Plato on politics

Plato said ‘The price good men pay for indifference to public affairs is to be ruled by evil men’. Why is this quote still relevant today?

The most developed, richest and liveable countries are, almost without exception, liberal democracies. Noticeably, human fantasy, innovation, and the desire to learn and build can really be fulfilled in the economically and socially freest countries. Without real liberal democracy, exceptional development and prosperity cannot be achieved – this is what we see around the world. This means that everyone who wants to move upwards shall go in this direction – and it is true for Hungary too.

A functioning democracy does not only mean that there is an election every four years, but also that institutions are independent, and civilians can and do think and speak their mind. Democracy cannot exist without real civilians – and the key to it is that they have to form and express their opinions about economic and social matters.

Many people say (regardless the side they favour) that they would rather not share their political opinion because they are afraid that their jobs would be at stake or they would lose some of their customers (of course, those who do not agree with them) if they did, or simply, people who have different beliefs would give them a stern look. However, this is not right. The foundation of a real democracy is participating in public affairs in both micro and macro-levels. If we do not like something that was changed in our street, then we have to say and express our discontent at a municipal level, and if we do not like what we see in our country, then we must go higher. As Plato said, we cannot allow ourselves to be indifferent to public affairs. If people refuse to do so, then there will be no real and functioning democracy, and without it, we can do anything to our tax system and get every external support but we will never be able to catch up to the most developed and liveable countries. This is why – for our own benefit – everyone shall take Plato’s words to their heart.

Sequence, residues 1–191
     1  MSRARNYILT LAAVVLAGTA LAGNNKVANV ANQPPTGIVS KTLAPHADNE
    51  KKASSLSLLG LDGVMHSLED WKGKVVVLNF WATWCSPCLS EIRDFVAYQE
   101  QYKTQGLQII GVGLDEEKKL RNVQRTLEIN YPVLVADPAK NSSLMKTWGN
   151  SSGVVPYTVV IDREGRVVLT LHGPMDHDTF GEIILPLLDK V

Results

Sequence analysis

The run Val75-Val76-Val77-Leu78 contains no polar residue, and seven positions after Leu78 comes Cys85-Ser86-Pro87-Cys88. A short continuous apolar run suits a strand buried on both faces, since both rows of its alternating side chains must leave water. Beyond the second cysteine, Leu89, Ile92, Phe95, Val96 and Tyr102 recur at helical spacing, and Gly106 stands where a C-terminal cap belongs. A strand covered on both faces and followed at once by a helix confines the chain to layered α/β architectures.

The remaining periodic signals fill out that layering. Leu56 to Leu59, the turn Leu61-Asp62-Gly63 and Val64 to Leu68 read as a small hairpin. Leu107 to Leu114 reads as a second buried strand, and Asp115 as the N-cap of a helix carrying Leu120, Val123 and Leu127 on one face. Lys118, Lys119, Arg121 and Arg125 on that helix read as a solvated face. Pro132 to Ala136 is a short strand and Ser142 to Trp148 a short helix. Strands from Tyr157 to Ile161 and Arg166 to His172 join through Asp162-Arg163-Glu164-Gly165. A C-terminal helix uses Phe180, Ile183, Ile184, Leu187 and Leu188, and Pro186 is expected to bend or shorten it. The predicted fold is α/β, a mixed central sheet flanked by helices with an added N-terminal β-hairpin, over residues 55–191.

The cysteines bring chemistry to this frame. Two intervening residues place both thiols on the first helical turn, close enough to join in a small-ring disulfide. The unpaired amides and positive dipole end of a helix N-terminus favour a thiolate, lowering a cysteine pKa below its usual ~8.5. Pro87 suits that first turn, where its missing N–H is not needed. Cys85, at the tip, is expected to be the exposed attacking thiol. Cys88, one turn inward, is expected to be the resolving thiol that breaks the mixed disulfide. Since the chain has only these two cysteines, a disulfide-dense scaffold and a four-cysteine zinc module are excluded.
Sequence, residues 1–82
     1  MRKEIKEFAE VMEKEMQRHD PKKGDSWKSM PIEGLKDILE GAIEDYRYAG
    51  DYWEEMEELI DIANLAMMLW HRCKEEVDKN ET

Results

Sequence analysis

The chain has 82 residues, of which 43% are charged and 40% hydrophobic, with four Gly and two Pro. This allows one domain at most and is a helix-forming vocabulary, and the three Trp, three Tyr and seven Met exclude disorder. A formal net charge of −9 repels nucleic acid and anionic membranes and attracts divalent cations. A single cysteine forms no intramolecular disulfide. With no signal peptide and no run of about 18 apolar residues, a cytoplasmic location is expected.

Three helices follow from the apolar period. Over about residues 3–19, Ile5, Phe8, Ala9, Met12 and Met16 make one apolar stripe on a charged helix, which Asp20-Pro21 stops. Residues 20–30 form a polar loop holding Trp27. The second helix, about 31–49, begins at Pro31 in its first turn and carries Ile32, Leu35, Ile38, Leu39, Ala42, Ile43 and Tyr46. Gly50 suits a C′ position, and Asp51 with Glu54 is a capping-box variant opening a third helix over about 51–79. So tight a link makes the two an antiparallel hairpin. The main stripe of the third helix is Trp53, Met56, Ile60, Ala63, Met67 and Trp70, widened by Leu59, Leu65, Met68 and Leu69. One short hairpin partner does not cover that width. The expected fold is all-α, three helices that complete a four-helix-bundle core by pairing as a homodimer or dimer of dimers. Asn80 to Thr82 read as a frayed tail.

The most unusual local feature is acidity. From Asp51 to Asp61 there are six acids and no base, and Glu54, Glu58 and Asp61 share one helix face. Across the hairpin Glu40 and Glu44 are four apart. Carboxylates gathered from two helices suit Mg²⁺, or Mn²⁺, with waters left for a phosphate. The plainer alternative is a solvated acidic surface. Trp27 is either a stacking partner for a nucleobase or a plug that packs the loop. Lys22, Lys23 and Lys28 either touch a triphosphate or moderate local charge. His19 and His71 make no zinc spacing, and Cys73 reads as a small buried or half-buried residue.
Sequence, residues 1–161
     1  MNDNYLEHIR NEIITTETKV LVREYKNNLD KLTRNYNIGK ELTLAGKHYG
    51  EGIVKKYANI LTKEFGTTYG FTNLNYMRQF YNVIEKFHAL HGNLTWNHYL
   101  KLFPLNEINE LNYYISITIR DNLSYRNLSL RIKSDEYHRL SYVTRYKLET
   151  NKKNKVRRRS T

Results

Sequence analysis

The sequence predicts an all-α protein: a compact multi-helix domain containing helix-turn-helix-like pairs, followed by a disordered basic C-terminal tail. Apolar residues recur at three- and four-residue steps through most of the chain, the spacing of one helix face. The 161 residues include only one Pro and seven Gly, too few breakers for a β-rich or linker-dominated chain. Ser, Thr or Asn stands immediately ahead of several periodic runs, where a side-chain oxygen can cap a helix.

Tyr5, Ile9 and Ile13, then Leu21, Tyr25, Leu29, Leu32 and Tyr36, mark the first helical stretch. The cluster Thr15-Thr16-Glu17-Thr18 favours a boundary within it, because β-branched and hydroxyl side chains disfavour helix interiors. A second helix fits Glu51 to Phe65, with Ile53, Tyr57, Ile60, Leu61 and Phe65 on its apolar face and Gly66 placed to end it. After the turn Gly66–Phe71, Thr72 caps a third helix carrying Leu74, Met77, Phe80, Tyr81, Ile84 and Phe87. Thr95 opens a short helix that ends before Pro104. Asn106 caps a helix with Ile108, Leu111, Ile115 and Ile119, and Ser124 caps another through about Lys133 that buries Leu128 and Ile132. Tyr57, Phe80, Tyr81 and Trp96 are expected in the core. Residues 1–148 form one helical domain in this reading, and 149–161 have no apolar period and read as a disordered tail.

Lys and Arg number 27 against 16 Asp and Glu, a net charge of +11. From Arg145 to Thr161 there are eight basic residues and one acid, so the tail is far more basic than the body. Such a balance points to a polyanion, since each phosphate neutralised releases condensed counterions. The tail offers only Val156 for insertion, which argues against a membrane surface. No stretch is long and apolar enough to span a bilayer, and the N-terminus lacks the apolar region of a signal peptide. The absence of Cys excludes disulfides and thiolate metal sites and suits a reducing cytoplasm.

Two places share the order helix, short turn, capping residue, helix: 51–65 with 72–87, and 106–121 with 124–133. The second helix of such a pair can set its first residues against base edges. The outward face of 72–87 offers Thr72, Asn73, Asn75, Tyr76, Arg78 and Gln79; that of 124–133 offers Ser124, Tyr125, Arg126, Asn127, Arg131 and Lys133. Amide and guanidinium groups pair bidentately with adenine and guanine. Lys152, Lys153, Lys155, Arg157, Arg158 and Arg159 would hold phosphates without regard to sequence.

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Original date of Hungarian publication: October 16, 2017.